From our archives. Happy Holidays!

Thanks to David Roberts for an excellent series in Gristmill — including interesting references and reader comments — discussing the use of fear as a tool of motivation in American politics. Roberts is prompted in the first instance by the specific question of whether environmentalists should use scare tactics to win support on issues like global warming. He observes:

Progressives can be forgiven for envying the incredible hot hormonal rush of power that comes from stoking fear/anger. It's perfectly understandable, the temptation they feel to set up their own zero-sum struggles, to describe the dangers ahead (of poverty, or global warming, or infectious disease) in gruesome, apocalyptic tones, with a sprinkling of evil, mustache-twirling villains …

The idea is that, say, environmentalists should get people terrified of global warming, so that they hate it and seek out leaders who aggressively attack it.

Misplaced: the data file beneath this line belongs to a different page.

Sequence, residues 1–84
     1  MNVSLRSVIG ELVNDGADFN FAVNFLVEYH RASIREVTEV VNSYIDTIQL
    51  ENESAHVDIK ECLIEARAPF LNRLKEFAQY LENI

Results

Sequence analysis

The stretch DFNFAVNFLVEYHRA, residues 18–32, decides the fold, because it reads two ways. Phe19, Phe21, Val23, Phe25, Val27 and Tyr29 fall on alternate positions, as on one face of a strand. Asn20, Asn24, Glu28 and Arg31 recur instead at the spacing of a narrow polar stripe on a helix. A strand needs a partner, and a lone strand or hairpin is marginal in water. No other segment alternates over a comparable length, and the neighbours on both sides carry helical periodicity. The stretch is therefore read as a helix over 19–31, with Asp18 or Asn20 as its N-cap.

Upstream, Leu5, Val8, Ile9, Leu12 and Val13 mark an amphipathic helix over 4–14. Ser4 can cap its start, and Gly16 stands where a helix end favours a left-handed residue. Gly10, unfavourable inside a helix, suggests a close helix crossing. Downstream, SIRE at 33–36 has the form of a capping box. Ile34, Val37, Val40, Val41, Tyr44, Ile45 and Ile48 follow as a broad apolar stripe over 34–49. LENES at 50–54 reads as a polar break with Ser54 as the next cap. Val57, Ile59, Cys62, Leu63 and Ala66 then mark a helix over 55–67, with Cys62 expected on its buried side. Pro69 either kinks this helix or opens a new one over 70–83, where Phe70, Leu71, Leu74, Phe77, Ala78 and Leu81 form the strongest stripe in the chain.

But his discussion broadens considerably — including brain physiology and emotional intelligence — and is well worth reflection by all political and issue marketers and fundraisers.

After exploring the issue from a variety of perspectives, Roberts ultimately concludes that the end cannot justify the means … deliberately stirring up fear simply unleashes such negative attitudes and consequences that doing so is morally untenable.

In a nutshell, says Roberts:

We might gain some short-term victories by scaring the crap out of people, but a population in fear will always tend toward authoritarianism and violence. Reason, compassion, forbearance, and selflessness are the building blocks of true progressivism. If they have been driven underground, the progressive response should not be to resort to reactionary macho posturing, but to revive them …

Those who seek a compassionate society — who would bequeath their children a country and an earth in better condition that those they inherited — must always work against fear.

Think about it, and then fast forward to your latest direct mail copy, email alert, or press release. What's the fear quotient in your message? And should you feel guilty or not? Of course you need to draw your own conclusion.

But read on for our take …

Continue reading “What Is The Fear Quotient In Your Message?”

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